Those Jet Cars ...

By Don Jones

Following World War II, Studebaker moved fast to capture a share of the post-war automotive market. The 1946-47 models brought forth a new dynamic styling to the automobile world but by the time the 1949 Studebaker had rolled out, many thought Studebaker needed another new model to impress enthusiastic auto fans.

1950 Studebaker Commander Starlight

1950 Studebaker Commander Starlight Ccoupe Photo

The 1950 and 1951 Studebaker models looked futuristic with the addition of the new chrome bullet nose, sometimes referred to as the"spinner". Actually, the 1951 models had a slightly revised design for its center bullet nose. It is thought the Tucker car and perhaps the 1949 Ford inspired the bullet nose. The three-point jet look was controversial as many believed it would result in Chevrolet and Ford playing catch up in the world of car design but neither of those brands actually followed the Studebaker lead.

1950 Studebaker Commander

1950 Studebaker Commander Picture

In both 1950 and 1951 Studebaker recorded high sales of its cars and trucks but, in fact, its profit dropped by 50%. The company made a hugh error by continuing to issue substantive increases to the share holders rather than hold back money for future research and development. This had happened before in Studebaker's history to the point it was a typical trait for that firm and could be considered one of the factors that brought the company down.

1950 Studebaker Commander

1950 Studebaker Champion Photo

1950 Studebaker Commander

1950 Studebaker Champion Picture

The 1950 Studebakers came in three models: the 113 inch wheel base Champion, the 120 inch Commander, and the stretched 124 inch Land Cruiser. In the following year, the Champion and the Commander both used a standard 115 inch base and the Land Cruiser, only available as a four door, was cut back to 119 inches.

1950 Studebaker Champion Convertible

1950 Studebaker Champion Car Photo

Studebaker had labor problems around this period. The UAW local decided to strike over the layoff of 43 workers. Also, Harold Vance had finally discovered, after investigating, that the Studebaker employees had a better deal already when compared to workers in other auto building plants. The UAW held the strength card and Vance agreed reluctantly to UAW demands after a short two-day strike.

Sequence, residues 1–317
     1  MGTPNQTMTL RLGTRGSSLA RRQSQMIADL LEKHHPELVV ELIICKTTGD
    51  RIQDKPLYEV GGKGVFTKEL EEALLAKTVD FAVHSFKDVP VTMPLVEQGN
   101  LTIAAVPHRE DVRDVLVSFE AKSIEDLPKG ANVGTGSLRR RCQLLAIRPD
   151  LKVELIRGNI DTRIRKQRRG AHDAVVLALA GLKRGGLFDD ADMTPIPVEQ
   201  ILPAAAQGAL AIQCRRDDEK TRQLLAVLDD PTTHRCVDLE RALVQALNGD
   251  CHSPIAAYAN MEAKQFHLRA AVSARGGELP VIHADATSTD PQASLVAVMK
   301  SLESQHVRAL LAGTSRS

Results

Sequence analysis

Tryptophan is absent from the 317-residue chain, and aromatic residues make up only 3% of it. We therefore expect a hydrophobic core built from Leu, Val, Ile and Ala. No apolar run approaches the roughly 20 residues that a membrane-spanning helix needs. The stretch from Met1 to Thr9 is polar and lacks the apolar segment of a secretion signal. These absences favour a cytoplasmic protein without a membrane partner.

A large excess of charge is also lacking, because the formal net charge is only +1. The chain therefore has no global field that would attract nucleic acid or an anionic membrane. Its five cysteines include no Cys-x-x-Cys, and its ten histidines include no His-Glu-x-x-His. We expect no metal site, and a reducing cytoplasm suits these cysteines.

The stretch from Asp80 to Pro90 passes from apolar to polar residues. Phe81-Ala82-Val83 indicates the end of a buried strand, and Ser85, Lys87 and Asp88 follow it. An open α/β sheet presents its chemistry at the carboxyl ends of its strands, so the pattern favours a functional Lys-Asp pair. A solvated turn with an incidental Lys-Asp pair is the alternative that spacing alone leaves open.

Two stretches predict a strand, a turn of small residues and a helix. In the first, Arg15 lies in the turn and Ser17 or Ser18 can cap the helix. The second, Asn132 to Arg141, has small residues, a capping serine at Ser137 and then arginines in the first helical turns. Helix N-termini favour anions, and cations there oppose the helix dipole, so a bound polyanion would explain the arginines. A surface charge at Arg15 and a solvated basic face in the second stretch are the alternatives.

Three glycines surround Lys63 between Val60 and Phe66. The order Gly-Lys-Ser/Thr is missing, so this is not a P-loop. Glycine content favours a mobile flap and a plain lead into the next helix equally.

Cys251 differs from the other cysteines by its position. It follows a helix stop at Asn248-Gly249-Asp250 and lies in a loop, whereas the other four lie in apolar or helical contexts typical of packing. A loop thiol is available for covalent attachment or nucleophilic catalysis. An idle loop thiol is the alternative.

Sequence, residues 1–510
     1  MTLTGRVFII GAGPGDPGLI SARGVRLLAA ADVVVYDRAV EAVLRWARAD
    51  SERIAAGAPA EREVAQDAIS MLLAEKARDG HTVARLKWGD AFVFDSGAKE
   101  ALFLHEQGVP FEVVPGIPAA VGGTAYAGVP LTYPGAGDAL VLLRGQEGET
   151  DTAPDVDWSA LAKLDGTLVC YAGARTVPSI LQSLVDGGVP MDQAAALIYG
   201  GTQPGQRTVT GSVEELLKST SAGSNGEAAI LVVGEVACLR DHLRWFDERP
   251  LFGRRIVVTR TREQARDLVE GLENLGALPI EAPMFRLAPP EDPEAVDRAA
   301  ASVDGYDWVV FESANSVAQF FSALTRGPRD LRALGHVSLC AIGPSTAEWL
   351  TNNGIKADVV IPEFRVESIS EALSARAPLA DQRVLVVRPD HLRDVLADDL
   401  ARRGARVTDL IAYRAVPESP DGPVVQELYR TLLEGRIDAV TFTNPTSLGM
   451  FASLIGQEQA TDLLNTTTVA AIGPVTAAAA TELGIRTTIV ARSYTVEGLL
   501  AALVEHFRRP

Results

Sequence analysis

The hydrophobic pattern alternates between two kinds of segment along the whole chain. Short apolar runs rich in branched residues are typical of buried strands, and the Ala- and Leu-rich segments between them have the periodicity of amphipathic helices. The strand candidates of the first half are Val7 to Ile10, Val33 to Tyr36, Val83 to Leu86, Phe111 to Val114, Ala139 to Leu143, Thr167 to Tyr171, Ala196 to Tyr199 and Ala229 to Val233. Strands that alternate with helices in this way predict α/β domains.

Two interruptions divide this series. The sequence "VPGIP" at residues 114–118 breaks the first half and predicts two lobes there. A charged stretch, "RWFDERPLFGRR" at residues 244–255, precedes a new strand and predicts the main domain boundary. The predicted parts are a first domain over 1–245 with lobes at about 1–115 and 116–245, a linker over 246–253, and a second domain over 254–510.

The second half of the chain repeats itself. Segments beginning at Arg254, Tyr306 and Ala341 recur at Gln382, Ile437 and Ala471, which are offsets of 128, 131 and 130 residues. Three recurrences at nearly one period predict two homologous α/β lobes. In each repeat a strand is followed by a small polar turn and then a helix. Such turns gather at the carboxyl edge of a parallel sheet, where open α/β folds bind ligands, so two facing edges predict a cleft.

1950 Studebaker Champion Custom 2 Door Sedan

1950 Studebaker Champion Car Photo

Midway through its 1950 car season, Studebaker introduced a new automatic transmission. This new transmission was considered superior to many other transmissions of this time. It was air-cooled and included a feature known as the "hill-holder" which prevented the car from rolling down hill on inclines. The wrap around rear window in some models drew jokes as to which direction the car was going but, from inside, it provided a wide rear panoramic view.

1951 Studebaker Commander Starlight Coupe

1950 Studebaker Commander Coupe

The grill was adjusted to fit sort of flush with the adjacent front metal. The selling price of a Studebaker started around $1561 and could go up to $2381. The Land Cruiser and the Commander shared the same 115 inch wheel base in 1951.

1951 Studebaker Champion

1951 Studebaker Champion Bullet Nose Photo

Studebaker introduced a new V8 engine for its 1951 models. This was in advance of other independent auto builders such as Packard and Nash. The Studebaker V8 was a well-designed engine capable of 120 HP. Car builders were going through a period where the US was involved in the Korean War and the government was sort of rationing materials and issuing price controls.

1951 Studebaker Champion Business Coupe

1951 Studebaker Champion Business Coupe Photo

1951 Studebaker Commander Starlight

1951 Studebaker Commander Starlight Car Photo

1951 Studebaker Commander Starlight

1951 Studebaker Commando Car Picture

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